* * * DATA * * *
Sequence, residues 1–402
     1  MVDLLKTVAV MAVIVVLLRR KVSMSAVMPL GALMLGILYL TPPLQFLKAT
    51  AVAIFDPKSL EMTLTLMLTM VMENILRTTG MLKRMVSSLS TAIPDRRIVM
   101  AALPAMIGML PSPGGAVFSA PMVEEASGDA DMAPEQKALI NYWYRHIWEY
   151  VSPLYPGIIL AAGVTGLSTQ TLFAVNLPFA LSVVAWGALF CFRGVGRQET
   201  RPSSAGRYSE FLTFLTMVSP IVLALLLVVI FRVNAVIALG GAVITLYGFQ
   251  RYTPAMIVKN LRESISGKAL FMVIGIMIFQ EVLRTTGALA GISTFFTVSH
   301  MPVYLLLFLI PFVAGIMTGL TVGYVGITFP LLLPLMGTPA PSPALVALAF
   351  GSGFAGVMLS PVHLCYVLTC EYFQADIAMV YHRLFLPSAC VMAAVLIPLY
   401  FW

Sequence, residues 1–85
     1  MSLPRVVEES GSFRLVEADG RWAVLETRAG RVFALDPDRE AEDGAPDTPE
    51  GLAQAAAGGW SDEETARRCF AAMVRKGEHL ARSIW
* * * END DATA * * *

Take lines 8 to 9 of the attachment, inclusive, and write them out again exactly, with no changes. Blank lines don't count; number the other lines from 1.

   301  MPVYLLLFLI PFVAGIMTGL TVGYVGITFP LLLPLMGTPA PSPALVALAF
   351  GSGFAGVMLS PVHLCYVLTC EYFQADIAMV YHRLFLPSAC VMAAVLIPLY